Three Salvadoran Commissioners added to Engel List

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By LatAm Reports Editor

Three commissioners from the Institute of Access to Public Information (IAIP), including the president of the Public Information, were included by the United States on the Engel List, in which the U.S. country includes actors in Central American political life who have undermined democratic processes, participated in corruption cases or obstructed investigations into the same issue.

Commissioners Ricardo Gómez, Gerardo Guerrero and Andrés Grégori Rodríguez were accused of “undermaking democratic processes or institutions to intentionally and unfairly block access to public information.”

The sanction to the commissioners is the suspension of their U.S. visas, if they possess; as well as being considered ineligible for that benefit, and the suspension of any document that allows them to enter the United States.

No wonder the commissioners are punished. Their omission affects access to information and helps any act of corruption to be concealed.
Eduardo Escobar, Citizen Action.

This media tried to contact the commissioners through the institute’s communications unit. The reply was that no guidelines had been received for IAIP or any of the commissioners to pronounce on the announcement. If it did, it would be through the official channels, they said. This media also tried to communicate directly with the commissioners by email, without obtaining an answer.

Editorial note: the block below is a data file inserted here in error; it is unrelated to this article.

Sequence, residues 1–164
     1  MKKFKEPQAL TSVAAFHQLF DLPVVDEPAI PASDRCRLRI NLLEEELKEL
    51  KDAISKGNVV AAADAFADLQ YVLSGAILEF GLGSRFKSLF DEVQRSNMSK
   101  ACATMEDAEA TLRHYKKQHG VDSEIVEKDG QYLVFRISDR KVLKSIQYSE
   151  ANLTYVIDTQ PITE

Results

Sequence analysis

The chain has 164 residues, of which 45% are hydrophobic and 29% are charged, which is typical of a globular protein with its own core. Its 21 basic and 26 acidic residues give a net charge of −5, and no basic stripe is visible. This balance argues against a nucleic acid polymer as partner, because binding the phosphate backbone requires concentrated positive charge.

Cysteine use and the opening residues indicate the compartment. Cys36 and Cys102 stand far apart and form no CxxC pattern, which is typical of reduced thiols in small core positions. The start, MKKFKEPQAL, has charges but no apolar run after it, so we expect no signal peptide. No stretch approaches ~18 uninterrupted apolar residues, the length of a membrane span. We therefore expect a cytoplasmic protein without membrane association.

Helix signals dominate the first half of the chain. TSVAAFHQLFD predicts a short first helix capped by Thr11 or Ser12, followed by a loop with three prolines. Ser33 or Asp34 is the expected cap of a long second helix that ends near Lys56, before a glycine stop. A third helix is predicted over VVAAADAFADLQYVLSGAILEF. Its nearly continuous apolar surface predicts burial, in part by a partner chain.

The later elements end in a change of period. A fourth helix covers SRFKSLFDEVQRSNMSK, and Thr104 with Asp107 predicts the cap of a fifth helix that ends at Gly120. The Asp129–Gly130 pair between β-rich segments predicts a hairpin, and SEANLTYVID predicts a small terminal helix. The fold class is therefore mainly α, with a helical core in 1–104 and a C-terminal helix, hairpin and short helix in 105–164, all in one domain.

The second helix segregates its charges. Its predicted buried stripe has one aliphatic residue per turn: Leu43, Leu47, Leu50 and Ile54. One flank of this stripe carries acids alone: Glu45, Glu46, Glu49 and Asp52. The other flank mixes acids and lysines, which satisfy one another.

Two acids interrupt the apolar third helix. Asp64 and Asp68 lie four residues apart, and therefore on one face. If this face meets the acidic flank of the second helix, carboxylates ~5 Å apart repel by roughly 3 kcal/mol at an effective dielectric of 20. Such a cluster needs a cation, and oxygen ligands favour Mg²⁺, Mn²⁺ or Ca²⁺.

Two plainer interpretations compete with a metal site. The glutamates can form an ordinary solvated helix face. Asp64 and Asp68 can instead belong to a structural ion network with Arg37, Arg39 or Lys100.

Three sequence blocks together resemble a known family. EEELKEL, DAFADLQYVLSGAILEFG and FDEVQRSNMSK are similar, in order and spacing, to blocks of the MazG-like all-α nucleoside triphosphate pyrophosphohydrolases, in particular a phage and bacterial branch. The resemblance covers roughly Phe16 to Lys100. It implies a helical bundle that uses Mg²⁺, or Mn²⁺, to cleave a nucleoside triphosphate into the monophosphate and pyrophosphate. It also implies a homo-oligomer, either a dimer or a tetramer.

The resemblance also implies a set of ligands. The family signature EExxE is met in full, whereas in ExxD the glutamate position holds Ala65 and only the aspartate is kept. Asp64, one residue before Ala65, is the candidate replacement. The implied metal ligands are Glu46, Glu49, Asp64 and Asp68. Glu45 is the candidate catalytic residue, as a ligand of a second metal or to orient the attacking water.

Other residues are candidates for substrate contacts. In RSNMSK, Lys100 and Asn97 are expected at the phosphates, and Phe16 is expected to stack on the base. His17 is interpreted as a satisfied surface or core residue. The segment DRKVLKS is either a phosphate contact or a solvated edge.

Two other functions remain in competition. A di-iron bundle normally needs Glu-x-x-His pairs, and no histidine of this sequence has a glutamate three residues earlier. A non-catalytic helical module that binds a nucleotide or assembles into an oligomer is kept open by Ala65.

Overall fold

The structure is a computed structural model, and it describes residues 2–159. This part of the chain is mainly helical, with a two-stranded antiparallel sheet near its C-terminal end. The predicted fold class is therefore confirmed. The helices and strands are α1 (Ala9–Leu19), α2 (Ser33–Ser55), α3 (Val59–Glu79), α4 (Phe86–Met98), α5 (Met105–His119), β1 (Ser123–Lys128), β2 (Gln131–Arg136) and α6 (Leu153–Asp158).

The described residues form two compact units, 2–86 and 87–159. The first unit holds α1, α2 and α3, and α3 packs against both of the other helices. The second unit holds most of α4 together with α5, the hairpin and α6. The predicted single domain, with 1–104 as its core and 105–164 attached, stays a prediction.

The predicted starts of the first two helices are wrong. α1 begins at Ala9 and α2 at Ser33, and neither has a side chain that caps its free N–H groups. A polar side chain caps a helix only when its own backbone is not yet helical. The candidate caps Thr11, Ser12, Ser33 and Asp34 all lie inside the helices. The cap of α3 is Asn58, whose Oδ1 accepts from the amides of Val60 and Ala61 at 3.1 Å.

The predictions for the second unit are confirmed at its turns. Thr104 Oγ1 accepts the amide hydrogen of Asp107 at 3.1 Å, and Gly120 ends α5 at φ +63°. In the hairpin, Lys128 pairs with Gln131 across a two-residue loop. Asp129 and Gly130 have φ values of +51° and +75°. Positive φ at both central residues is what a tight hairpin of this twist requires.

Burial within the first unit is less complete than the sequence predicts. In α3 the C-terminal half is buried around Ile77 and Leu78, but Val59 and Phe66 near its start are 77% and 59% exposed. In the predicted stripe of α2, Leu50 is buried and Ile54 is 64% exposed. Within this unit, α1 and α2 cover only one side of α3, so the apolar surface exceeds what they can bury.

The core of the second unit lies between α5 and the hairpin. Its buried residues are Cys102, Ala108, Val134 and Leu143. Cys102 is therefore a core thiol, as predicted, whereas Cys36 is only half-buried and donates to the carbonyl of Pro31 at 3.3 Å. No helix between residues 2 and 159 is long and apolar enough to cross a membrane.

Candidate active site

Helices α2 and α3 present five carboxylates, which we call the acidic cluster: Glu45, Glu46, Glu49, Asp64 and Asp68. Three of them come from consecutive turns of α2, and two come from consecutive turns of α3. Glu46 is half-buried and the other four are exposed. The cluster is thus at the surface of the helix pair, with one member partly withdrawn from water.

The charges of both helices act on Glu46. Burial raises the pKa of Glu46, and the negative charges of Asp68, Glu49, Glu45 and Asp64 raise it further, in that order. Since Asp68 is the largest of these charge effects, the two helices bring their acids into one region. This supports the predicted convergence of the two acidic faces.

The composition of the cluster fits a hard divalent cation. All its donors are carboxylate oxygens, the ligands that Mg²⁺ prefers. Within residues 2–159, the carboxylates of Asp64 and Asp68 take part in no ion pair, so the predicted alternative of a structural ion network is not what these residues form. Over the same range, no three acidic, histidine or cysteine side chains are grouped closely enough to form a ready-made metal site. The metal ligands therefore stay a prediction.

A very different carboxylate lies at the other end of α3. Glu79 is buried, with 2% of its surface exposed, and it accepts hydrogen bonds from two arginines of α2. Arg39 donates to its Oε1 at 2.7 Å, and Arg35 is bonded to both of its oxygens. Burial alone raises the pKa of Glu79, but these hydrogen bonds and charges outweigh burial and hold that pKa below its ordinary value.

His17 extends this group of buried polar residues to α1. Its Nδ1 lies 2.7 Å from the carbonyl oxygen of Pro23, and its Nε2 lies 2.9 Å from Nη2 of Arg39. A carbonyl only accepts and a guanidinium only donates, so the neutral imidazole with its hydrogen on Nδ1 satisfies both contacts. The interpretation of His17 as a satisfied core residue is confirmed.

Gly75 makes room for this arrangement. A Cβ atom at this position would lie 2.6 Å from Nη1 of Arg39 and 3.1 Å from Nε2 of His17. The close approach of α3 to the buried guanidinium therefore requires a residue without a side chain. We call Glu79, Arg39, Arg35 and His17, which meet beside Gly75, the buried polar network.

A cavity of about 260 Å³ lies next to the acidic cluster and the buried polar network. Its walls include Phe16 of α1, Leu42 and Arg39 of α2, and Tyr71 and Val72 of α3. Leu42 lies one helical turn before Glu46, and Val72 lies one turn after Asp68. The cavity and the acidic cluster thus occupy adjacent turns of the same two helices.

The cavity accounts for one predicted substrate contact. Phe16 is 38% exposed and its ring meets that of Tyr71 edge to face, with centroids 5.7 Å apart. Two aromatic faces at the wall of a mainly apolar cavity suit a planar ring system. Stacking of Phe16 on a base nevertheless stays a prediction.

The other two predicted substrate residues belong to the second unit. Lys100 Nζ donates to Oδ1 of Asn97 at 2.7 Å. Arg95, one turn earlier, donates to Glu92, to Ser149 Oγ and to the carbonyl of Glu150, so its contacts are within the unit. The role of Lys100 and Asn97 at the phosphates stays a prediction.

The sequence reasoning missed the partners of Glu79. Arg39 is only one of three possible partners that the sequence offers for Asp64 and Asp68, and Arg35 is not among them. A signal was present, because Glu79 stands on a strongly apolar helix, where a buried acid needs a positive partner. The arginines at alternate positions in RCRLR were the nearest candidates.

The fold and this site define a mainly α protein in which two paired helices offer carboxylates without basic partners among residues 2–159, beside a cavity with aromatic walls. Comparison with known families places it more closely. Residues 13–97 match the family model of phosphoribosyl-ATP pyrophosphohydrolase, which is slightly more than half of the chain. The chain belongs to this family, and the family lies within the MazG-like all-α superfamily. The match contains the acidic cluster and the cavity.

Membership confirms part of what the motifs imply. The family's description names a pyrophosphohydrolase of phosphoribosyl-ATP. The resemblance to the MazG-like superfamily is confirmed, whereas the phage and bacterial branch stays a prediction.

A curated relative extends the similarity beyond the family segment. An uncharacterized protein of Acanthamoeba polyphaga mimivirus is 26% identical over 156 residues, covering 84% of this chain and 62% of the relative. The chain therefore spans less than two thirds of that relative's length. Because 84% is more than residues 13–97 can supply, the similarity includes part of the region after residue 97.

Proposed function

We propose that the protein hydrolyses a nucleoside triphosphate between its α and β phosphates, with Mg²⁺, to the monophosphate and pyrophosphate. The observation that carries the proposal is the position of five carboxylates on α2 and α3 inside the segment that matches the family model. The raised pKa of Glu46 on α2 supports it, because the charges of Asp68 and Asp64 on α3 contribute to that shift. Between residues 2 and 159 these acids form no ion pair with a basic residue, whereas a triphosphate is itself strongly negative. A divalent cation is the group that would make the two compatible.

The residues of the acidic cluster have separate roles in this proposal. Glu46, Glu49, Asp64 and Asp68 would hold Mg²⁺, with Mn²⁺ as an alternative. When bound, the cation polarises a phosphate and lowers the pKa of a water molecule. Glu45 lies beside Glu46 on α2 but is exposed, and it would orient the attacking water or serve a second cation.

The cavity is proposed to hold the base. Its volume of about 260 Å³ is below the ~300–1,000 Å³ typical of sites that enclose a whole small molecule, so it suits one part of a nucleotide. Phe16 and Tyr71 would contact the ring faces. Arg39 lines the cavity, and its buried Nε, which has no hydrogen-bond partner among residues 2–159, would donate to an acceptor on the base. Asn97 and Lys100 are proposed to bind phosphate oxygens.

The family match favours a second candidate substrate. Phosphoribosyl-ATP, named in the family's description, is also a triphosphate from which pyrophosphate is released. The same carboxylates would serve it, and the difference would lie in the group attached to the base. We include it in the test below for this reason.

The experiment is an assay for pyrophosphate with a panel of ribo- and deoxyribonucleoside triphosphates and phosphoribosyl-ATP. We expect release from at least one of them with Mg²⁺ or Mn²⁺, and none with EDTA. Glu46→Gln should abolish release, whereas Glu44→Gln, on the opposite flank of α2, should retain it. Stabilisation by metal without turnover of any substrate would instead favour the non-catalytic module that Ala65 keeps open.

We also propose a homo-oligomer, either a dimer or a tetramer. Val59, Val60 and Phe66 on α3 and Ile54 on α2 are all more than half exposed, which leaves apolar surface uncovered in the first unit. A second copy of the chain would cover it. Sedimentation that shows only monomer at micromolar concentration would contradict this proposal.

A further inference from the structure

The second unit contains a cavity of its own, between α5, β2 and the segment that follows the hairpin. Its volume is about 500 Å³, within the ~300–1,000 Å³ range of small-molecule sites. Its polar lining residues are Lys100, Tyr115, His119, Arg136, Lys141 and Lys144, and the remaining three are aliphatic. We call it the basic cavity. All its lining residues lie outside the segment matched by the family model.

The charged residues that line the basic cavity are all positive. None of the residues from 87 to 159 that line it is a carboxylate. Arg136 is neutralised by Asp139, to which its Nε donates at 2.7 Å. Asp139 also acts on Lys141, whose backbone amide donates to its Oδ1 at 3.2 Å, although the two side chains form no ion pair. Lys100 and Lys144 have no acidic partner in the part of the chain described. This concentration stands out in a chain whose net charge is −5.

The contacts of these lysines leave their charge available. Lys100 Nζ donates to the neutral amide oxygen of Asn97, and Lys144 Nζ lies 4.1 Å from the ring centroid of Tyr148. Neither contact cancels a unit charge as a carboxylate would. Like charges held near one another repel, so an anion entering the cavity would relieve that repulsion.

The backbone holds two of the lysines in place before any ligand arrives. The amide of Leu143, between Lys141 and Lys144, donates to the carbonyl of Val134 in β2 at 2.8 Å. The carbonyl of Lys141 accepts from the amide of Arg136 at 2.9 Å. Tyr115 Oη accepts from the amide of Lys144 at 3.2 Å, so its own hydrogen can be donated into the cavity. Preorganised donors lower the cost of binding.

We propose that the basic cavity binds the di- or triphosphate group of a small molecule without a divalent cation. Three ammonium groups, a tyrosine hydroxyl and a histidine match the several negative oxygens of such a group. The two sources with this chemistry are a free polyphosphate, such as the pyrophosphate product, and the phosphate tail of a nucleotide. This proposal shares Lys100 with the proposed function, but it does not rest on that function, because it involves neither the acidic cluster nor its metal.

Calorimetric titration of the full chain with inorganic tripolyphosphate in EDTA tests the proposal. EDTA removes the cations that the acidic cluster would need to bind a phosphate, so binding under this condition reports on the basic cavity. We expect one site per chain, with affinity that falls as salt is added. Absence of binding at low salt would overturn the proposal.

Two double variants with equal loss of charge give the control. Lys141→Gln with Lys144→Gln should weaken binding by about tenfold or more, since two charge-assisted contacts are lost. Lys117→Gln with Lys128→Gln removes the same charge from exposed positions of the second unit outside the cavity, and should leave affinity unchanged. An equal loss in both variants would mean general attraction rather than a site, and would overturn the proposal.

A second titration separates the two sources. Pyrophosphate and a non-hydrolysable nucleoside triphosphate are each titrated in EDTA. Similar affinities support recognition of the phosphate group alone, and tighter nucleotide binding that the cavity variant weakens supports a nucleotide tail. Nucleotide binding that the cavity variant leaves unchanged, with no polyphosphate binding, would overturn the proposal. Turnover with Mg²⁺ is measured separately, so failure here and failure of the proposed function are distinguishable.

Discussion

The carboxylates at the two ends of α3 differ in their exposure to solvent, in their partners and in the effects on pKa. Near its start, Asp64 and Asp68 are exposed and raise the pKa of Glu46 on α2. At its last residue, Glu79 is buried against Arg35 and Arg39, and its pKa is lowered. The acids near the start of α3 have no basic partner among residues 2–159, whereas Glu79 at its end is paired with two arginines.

“Not strange”

The point made by the U.S. State Department coincides with the analysis presented last November by the organization Acción Ciudadana, which reflects the decrease in resolutions in favor of citizenship during Ricardo Gómez’s administration.

According to the study, during the current management: of 608 cases resolved, only 162 (26 per cent) were in favor of the citizenry. To compare, in the management of Silvia Cristina Pérez, 341 cases were resolved and 205 (60 %) were in favor of the population.

The IAIP has ceased to be a guarantor of access to information and has become complicit in concealing information that the GOES does not wish to provide.
Jessica Estrada, transp. de FUNDE.

In addition, of 71 cases resolved in 2022, four had been opened in 2020, 33 had been coming since 2021 and 34 were 2022.

Also that same year: five cases were resolved in favour of the institution, and 54 ended up with alternate exits, such as withdrawal (2), dismissal (10), expiration (1) or liminal rejection (41).

“Not surprising the point. And it is right because the role played by the IAIP should be fundamental to ensure that there is no corruption. But the work we have documented shows that IAIP is playing a role against the prevention of corruption and strengthening transparency,” said Eduardo Escobar, director of Acción Ciudadana.

Meanwhile, Jessica Estrada, director of Transparancia at FUNDE, considered that “the lack of transparency, information, accountability, is a credit for corruption to occur.”

This article has been translated from the original which first appeared in La Prensa Grafica